It’s not easy being against the death penalty when it comes the case of John Allen Muhammad. When he and Lee Malvo were on the loose the fear of death around here felt very palpable. After all I live in the Washington D.C. metropolitan area. These crimes weren’t happening hundreds of miles away. They were happening in what felt like my backyard. Thankfully no one in my family nor anyone I knew were one of his victims. But I remember clearly how I felt for the month or so when the two went on a sniper-shooting spree around Washington D.C.
How did we feel? We felt like one of the pheasants in Dick Cheney’s canned pheasant hunt. Like we were living in a war zone. It was unnerving and creepy to walk outside and realize there was a remote (but not insignificant) chance that in a minute you could go from healthy pedestrian to bleeding on the pavement and fighting for life. For weeks my daughter was not allowed outside of her school during school hours. Pumping gas became an act of courage. If you were foolish or macho you stood there, in the open, instead of discreetly crouching next to your car. We all felt the same way: Hey, it could have just as easily been me murdered down there at Loehmann’s Plaza in Falls Church.
Our feeling of relief when Muhammad and Malvo were caught at a rest stop outside of Frederick, Maryland was palpable. The community heaved a collective sigh of relief. We started laughing again. We opened our blinds and filled the house with natural light. Children could play outside instead of playing video games. Pumping gas became boring and annoying again. Many of us wished we could become vigilantes and go after Lee and Malvo. Oh how sweet it would have been to give them a taste of their own little horror show! There would have been no lack of volunteers to take pot shots at them. In fact there would have been riots to be the one lucky enough to do the deed.
We hates them, my precious.
It was no surprise to me that U.S. Attorney General John Ashcroft decided to try Muhammad and Malvo here in Virginia. In fact the majority of the murders occurred across the Potomac River in Maryland, so Marylanders should have had the first claim. But here in Virginia we have a certain reputation to uphold. Ashcroft knew we Virginians could deal death to Muhammad in near breakneck legal time. Texas may beat us in the sheer number of people put to death, but even Texas doesn’t come close to meeting our numbers for people put to death on a per capita basis. We love the death penalty here in Virginia! We don’t hang them in front of the county courthouse anymore, but we sure do our best to limit death penalty appeals. Those sentenced to death get an automatic and expedited review by the Virginia Supreme Court. More recently the state legislature allowed for DNA testing of evidence too. This was something they begrudged doing and only after it became embarrassingly clear that Virginia was very lax in that department. But even factoring in these minor delays it’s pretty unusual for killers sentenced in Virginia to not be pushing up the daisies two years later.
So it was no surprise at all that Muhammad received the death penalty. I was somewhat surprised that Malvo received a life in prison sentence. We’ve executed criminals for committing murder before age 18 in this state before. But the death penalty for Muhammad was a mere formality. He will likely miss his first scheduled execution date in October due to the usual appeals, but die he will. The only thing that would keep him alive beyond 2005 would be other states insisting on trying him too. These states though might as well save their money. The Commonwealth will put him to death as quickly as legally allowed.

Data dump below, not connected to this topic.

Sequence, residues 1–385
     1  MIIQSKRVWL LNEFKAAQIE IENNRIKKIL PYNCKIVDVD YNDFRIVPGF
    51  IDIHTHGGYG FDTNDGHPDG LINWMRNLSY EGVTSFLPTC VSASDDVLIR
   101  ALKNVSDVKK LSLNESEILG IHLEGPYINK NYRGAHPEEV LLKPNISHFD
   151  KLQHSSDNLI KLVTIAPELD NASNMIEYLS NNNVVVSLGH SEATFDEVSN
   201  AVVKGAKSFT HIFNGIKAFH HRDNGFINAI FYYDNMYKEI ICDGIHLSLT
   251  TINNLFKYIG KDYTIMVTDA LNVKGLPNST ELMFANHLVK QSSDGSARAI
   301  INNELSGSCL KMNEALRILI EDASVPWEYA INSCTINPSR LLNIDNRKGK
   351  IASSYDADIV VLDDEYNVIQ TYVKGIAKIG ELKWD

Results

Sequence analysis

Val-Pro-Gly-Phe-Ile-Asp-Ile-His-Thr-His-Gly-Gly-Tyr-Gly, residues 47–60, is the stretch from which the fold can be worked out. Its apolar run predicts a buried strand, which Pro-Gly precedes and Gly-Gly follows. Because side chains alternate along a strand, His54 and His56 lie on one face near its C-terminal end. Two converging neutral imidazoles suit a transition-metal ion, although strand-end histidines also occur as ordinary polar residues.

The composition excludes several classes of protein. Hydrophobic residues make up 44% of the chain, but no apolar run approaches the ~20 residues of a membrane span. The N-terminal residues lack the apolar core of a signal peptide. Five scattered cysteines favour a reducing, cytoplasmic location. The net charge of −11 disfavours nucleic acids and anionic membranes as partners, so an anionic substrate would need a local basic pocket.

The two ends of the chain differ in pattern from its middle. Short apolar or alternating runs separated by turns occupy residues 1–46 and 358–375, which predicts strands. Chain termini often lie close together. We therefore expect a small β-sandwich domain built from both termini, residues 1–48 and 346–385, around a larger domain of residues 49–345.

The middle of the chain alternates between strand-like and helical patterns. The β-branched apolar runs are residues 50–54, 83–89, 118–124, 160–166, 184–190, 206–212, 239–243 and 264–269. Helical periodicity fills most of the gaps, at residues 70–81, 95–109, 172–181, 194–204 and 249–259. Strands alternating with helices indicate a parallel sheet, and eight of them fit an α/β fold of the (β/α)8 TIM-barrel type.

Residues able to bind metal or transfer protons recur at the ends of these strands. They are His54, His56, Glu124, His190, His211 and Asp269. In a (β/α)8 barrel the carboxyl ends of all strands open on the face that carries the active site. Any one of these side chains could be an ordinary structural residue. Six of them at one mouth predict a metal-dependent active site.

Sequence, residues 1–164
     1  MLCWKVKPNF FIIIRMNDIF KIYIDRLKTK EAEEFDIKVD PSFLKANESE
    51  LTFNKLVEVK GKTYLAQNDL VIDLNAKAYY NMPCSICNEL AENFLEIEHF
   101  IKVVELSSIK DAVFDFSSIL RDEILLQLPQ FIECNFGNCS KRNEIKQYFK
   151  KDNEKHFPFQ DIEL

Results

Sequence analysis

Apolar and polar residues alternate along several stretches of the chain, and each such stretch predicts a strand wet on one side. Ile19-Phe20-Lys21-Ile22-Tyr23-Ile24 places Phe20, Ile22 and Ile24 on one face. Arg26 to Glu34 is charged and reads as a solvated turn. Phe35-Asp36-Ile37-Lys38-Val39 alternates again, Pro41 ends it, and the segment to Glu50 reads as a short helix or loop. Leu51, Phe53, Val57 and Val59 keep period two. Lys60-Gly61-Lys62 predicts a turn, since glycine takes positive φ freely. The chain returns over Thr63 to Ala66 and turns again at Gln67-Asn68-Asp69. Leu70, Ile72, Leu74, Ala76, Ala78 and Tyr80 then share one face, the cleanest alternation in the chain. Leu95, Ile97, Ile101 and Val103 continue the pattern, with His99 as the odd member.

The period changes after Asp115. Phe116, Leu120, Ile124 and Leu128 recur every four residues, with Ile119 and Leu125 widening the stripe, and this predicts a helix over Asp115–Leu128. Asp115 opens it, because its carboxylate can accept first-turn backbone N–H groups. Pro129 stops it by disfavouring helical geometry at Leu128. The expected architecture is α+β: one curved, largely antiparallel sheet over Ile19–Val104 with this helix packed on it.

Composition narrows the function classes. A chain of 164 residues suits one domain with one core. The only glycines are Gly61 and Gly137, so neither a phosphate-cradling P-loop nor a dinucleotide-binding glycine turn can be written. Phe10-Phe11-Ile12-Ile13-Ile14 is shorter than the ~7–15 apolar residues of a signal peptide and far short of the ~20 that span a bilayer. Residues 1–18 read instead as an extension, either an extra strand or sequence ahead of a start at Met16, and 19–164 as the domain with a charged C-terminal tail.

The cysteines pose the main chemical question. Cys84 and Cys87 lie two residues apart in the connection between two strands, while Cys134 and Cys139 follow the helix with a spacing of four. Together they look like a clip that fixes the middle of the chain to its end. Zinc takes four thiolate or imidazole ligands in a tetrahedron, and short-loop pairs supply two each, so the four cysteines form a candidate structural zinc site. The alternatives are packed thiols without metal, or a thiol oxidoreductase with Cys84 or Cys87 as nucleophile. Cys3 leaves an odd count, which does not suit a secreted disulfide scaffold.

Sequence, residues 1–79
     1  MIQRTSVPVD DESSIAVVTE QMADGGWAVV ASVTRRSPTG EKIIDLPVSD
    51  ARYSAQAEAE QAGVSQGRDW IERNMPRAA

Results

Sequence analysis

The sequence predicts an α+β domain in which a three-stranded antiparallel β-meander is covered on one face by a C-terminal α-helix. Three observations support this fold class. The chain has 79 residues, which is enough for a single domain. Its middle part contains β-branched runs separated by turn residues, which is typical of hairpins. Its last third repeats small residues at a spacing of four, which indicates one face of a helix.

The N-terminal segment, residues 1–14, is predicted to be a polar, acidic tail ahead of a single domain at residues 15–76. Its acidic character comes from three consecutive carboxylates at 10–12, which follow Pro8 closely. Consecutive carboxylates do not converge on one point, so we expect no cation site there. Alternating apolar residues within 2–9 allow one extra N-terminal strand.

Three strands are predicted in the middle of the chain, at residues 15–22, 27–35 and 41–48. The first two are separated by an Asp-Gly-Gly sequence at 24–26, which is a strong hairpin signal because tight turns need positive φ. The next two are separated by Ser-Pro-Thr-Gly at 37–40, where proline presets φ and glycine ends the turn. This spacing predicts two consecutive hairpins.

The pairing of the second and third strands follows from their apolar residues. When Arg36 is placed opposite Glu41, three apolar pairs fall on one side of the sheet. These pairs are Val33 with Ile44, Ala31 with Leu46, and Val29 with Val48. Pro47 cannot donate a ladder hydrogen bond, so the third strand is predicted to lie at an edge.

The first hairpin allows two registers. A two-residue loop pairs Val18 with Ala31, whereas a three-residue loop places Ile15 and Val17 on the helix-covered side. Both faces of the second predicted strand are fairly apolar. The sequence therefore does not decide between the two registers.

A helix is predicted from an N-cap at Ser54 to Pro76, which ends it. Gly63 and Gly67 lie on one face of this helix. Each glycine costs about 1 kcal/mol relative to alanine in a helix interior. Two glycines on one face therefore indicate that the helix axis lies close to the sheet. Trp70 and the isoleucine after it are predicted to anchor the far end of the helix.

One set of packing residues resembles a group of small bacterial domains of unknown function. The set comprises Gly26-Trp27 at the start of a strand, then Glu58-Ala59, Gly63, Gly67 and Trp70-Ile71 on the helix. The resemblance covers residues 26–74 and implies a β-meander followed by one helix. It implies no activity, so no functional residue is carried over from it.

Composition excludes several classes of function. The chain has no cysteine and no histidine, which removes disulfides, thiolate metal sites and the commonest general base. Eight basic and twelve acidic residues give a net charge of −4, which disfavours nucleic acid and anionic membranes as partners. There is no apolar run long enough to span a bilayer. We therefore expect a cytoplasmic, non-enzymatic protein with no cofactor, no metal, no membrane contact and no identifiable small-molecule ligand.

And I won’t be shedding any tears for Muhammad the day he goes to his demise. Muhammad is one evil and messed up dude. I doubtless will feel safer knowing he’s not around.
So how could I be against the death penalty in general when I can’t work up the energy to feel much for Muhammad’s passing? Well there are lots of reasons. But to me it all comes down to one central issue: if killing someone against their will is murder, then executing someone is also murder. And if the state murders someone then the blood is in some sense also on my hands, because I live in a democracy.
Oh there are other arguments I could use. I could argue that a life spent in prison contemplating his crimes would be far more punishment for Muhammad than simply killing the guy. But that is just a cheesy rationalization. I could hope for rehabilitation for Muhammad. But I’d never feel safe if he got out of prison no matter how gloriously he found Jesus. I could convincingly argue that the death penalty does not deter others from committing murder, since our homicide rates show no correlation with executions. People who commit murder aren’t playing with a full deck in the first place. I could also argue, very correctly, that we’ve put to death innocent people before. The evidence in this case though leaves no room for reasonable doubt. Muhammad is a cold-blooded murderer and Malvo was his eager pupil. Muhammad is one sick and very messed up man.
It is so tempting in this case to make an exception. But I cannot do it and be true to myself. If murdering anyone is evil then murdering someone because they have murdered doesn’t make that murder any less a murder, or any less evil. It’s a shame America hasn’t joined the vast majority of the rest of the world and learned this simple but enlightened truth.